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SUNY GREAT Award Winners

SUNY GREAT Award Recipients

Twenty-two students have received the first-ever SUNY Graduate Research Empowering and Accelerating Talent (GREAT) award, which provides $5,000 to each student from the SUNY Office of Research and Economic Development. All recipients of the SUNY GREAT Award have received national recognition from the National Science Foundation, Graduate Research Fellowship Program or the National Institutes of Health, National Research Service Awards.

Clayton Brady headshot
Clayton Brady
University at Buffalo -
Biomedicine
Clayton Brady

Research: "Acid-base balance throughout the body is extremely well regulated, and maintaining a blood pH near 7.4 is really an essential component of health. However, what we are starting to realize is the processes that regulate pH might actually contribute to the development of disease themselves. Specifically, I am focused on the acid-base transporter NBCe1-B, which is thought to be involved in the renal and cardiac responses to acidosis, but its role in these systems is largely unknown. My hope is that by gaining a better understanding of these maladaptive responses, we will be able to develop therapies to help prevent their detrimental effects."

 

Erica Bower headshot
Erica Bower
Stony Brook University
Marine and Atmospheric Sciences
Erica Bower

Research: "My research focuses on the analysis of global tropical cyclone-related extreme precipitation throughout the entire life cycle of a storm, including its post-tropical phases. This work identifies the trends in tropical cyclone precipitation in the past and will continue to investigate future changes in these events. By analyzing and verifying operational forecast models, this project will also determine the most accurate model predictions for tropical cyclone rainfall and flooding events in order to create more accurate forecasts with greater lead times."

 

Payton Elizabeth Charlton headshot
Payton Elizabeth Charlton
University at Buffalo
Psychology
Payton Elizabeth Charlton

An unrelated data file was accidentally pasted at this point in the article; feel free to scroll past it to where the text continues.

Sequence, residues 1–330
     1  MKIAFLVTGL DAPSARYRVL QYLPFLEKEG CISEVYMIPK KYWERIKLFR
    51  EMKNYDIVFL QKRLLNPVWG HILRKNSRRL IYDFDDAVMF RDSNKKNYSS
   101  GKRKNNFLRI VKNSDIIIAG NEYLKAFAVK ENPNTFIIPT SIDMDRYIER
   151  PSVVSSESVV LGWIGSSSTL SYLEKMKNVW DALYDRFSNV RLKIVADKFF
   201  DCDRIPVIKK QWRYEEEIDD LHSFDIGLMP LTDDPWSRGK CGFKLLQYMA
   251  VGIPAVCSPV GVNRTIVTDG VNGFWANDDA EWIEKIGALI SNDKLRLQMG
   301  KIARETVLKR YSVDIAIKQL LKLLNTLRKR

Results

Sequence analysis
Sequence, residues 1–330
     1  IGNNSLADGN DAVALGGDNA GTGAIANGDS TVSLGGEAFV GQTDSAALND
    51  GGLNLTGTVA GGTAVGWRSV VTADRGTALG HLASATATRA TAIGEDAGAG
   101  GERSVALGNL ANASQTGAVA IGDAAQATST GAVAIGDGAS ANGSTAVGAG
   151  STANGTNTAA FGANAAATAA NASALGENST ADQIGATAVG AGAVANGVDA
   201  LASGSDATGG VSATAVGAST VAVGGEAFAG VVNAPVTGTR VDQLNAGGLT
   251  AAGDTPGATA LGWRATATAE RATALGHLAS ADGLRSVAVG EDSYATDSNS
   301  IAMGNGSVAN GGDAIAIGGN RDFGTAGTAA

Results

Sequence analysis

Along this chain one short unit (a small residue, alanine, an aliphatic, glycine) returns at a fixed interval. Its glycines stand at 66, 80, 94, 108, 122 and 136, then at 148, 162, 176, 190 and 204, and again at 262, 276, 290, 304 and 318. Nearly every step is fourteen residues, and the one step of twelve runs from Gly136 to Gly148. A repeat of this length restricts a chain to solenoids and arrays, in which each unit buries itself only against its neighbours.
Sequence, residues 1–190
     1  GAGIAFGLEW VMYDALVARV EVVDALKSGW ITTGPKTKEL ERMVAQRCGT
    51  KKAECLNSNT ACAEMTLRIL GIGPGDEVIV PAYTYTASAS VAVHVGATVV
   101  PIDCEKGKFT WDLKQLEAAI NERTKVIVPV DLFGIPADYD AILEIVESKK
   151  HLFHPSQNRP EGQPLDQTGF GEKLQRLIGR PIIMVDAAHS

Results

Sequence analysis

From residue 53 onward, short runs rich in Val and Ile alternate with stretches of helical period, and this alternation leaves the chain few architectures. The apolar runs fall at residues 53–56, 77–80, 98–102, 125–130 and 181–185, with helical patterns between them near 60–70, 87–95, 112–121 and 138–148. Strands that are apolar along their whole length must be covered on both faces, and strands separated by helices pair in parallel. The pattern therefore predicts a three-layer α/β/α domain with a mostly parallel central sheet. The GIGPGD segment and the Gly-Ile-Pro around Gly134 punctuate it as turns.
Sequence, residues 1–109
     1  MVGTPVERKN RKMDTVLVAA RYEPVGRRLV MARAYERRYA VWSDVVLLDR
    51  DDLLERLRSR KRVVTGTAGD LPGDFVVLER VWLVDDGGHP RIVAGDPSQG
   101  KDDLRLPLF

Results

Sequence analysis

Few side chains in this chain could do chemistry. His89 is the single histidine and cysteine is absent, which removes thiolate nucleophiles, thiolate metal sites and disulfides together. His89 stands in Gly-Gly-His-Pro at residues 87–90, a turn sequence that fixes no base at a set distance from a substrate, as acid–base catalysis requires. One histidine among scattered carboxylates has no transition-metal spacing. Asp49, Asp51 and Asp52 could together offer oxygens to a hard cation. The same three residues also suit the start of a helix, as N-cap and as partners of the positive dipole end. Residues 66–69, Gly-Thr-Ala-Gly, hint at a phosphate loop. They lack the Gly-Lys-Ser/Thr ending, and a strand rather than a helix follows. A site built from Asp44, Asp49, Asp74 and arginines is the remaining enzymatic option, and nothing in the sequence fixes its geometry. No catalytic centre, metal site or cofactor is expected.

Research: "My research studies auditory perception in CBA/CaJ mice. Currently, we are investigating the effects of noise-induced hearing loss on hearing detection for both simple (pure tones) and complex (ultrasonic vocalizations) acoustic stimuli. We want to know whether noise-induced hearing loss creates temporary or permanent hearing loss for these stimuli. However, I am interested in understanding how mice discriminate between ultrasonic vocalizations (USVs) and what acoustic parameters mice use during the discrimination process. I am also investigating what communicative role, if any, USVs have for mice throughout their lifespan beyond what is already known. As we better understand the ways in which mice discriminate USVs and their functional significance, we can better utilize them as models for communicative disorders and deficits."

 

Jesus Alberto Frias headshot
Jesus Alberto Frias
University at Albany
Biology
Jesus Alberto Frias

Research: "I study myotonic dystrophy type 1 (DM1), the most common form of adult muscular dystrophy. Specifically, I study small molecule therapeutics for DM1 and their mechanism of action in the disease, in the hopes that this information will lead to improved therapeutics that can help clinicians and patients."

 

Chris R. Gnam headshot
Chris R. Gnam
University at Buffalo
Aerospace Engineering
Chris R. Gnam